I mentioned leasing in passing, and have a separate posting on that.   Again, the more complicated you can make a deal, the worse off you are.  Many folks like the idea of leasing, as they pay less per month and get a new car every few years.  These are the same folks who have a "contract" cell phone plan and brag about how every so often they get a "free upgrade" to a new cell phone - not realizing that over time - and not a very long period of time - they are paying thousands more for cell phone and data service.

A friend of mine has a fancy iPhone, but in order to be able to "afford" it they have a contract plan with little or no data.  "We just use Wifi!" they chirp, and every time they want to use data on their phone, I have to turn on my Wifi hotspot on my phone so they can use my data.  It is, in a way, like another friend of mine who serially leases cars. Whenever we go anywhere, they say, "Can we take your car?  I'm only allowed 12,000 miles a year, and I'm going over my limit!"   I guess I have a lot of deadbeat friends - who regale me with how great their iPhones and leased cars are, as they use my old equipment that they make fun of.  Gee, I should find new friends (or leave the hotspot off!).

Funny thing, too.  When my car-leasing friend turned in their last car, they owed $5000 in "excess wear" and "excess mileage" charges.  They decided to get off the leasing merry-go-round but the only way to do it was to fold those wear charges into a new car purchase loan.   Dealers love leasing as it locks you into buying the same brand or family brand of cars, often from the same dealer.  Great for them, not so great for you.  The "free cell phone upgrade" gag is about the same way, I guess - once you are with Verizon (or AT&T - which use incompatible technologies) you are kind of stuck.  Who wants to walk away from an upgrade?  If you just stick with it another year - free iPhone!  But I digress.

The point is, you are never, ever going to "beat the dealer" and get a car for a steal of a price.  The best you can hope for is a reasonable deal at a reasonable price - and you'll only get that if you do the research, and settle early on one make and model car and then shop the hell out of that.  And even then, only if you simplify the deal as much as possible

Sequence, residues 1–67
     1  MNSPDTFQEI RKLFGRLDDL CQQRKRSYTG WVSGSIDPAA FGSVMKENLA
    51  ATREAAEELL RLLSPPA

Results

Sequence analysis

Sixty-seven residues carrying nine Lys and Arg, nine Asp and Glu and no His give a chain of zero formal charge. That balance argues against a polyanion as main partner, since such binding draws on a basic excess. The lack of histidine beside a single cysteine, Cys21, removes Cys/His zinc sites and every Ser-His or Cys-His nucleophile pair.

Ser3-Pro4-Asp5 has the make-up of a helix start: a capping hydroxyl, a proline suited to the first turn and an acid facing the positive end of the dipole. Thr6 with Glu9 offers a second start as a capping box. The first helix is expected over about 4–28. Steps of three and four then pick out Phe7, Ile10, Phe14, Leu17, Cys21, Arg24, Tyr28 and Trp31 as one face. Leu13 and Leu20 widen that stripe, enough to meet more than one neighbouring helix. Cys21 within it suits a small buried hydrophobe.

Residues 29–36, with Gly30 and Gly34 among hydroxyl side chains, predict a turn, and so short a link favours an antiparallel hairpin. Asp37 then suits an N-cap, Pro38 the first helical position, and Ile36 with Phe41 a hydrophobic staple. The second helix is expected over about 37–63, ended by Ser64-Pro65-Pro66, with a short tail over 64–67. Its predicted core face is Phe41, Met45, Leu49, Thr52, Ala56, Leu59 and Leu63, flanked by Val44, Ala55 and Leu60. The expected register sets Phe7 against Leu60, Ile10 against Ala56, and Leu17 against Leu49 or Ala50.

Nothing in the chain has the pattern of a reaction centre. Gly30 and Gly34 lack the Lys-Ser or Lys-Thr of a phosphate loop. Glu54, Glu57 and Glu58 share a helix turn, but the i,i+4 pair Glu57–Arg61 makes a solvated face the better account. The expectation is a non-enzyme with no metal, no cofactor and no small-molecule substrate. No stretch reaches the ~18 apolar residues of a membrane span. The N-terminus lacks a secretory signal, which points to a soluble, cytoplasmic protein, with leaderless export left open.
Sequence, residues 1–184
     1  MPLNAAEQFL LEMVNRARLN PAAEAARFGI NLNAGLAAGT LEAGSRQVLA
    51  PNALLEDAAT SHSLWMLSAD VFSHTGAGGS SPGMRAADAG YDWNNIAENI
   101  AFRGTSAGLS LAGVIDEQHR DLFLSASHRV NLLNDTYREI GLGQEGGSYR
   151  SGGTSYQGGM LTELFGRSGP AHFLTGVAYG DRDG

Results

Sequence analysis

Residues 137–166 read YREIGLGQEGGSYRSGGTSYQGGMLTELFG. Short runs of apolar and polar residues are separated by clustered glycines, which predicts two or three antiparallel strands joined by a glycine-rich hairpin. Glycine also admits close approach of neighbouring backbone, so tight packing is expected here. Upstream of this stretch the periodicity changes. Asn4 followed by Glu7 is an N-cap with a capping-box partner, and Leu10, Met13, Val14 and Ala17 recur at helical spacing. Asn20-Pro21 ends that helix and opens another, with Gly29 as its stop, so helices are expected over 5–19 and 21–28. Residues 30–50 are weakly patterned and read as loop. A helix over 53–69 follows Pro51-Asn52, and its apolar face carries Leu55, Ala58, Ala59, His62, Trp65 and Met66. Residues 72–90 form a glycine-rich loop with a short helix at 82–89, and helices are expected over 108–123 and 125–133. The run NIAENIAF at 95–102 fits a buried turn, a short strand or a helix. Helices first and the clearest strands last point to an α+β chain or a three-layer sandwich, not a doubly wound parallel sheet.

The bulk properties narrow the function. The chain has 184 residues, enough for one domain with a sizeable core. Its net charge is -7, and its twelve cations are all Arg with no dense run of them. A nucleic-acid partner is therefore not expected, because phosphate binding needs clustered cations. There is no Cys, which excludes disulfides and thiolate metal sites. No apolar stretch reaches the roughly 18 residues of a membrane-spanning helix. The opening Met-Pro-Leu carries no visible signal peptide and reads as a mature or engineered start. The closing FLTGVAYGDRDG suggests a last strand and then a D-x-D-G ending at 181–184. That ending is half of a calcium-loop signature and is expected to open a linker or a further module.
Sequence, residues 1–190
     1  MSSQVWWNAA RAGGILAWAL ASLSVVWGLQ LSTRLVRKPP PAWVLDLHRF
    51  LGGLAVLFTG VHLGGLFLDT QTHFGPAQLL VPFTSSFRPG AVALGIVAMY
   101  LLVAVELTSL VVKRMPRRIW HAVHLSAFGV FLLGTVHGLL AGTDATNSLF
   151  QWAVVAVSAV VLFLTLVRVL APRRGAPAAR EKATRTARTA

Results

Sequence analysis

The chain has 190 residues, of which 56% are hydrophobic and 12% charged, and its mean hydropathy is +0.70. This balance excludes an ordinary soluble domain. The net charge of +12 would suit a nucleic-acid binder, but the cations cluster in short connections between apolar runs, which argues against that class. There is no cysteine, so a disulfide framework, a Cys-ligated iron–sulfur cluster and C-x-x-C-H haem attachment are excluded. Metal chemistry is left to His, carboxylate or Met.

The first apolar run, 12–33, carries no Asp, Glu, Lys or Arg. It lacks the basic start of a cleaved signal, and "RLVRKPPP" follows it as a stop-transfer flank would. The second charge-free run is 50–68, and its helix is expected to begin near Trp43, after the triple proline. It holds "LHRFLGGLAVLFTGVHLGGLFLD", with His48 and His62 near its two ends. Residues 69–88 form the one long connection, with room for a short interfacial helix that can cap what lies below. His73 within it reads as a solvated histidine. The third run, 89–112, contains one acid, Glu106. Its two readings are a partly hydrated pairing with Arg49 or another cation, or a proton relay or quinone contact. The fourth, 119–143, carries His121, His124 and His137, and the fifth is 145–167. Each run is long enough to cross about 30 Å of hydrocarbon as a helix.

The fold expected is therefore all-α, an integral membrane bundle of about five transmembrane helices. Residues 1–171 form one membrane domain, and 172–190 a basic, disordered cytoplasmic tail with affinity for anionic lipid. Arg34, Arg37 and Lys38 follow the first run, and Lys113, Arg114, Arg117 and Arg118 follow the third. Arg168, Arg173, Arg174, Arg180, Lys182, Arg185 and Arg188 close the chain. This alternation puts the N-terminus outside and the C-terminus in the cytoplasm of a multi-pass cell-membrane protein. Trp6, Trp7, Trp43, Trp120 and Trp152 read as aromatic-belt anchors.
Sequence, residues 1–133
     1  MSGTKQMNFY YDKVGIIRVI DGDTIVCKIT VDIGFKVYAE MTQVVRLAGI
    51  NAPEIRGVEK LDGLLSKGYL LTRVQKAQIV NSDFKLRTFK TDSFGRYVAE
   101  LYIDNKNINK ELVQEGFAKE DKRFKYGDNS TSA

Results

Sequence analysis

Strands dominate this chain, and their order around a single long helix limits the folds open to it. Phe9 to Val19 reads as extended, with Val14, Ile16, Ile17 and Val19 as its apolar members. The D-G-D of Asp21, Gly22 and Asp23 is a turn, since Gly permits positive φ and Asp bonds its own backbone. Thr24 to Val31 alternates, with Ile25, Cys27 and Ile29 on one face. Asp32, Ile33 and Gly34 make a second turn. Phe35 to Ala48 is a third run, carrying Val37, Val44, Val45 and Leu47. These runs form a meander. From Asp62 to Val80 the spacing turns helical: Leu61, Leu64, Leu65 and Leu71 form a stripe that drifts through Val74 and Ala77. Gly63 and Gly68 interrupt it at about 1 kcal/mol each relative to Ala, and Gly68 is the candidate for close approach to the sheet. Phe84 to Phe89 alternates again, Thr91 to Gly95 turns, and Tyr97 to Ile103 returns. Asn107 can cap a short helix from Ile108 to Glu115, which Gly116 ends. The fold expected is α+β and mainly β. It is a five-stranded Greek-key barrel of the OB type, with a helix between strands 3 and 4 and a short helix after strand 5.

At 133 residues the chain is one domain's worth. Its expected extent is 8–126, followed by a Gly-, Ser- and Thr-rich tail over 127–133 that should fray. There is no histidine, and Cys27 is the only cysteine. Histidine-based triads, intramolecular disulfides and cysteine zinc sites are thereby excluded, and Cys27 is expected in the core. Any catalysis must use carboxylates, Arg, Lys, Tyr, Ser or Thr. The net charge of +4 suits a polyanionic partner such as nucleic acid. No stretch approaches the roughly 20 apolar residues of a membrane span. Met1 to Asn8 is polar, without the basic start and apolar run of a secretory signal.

In my lifetime, I only "beat a dealer" just once, when I bought a motorcycle in the dead of winter, during a snowstorm, at a decent price.  I crammed down the owner, as he had zero showroom traffic and a rent payment to make.  And part of this was getting him to throw in accessory items (helmet, luggage rack, cover) as part of the deal.  Those are high-markup items he hoped to make a decent profit on.  But they were also display items in inventory, so it didn't really cost him much to throw them in.  It helped that I was buying a slow-selling model as well.  He groused about the whole deal, but went along with it.  After all, I needed a motorcycle like I needed a hole in my head.  I guess I got a pretty decent deal on it, as three years later, I sold it for what I paid for it new, which is unheard of with motorcycles - particularly Japanese bikes.

But that is the exception to the rule.  And likely he broke-even on the deal.   And it wasn't like I got the bike for $50 or anything outrageous.  And you know what?  In retrospect, I would have been better off not buying that bike - as well as most of the vehicles I have squandered money on over the last 45 years.  You never come out ahead buying a car - it is a depreciating thing, an expense, an appliance. Oh, sure, if you are astute, you can "curbstone" a car and buy it for cheap, fix a few things and flip it - but it is a business and involves work - it ain't free money.  For the rest of us, it is just a huge life expense, the largest in our budget, in many cases.  Even a basic car can cost you $7000 a year in expenses - believe it or not!

Cars are often sold on an emotional basis - in fact, almost always. Even if you are buying a new delivery truck for your business, chances are, you look forward to having a nice clean, new truck that is this years' model.  As the salesmen training videos on Youtube say, people want a new car, so it isn't hard to persuade them to buy one.

And it goes without saying that cars as Christmas presents is just nuts.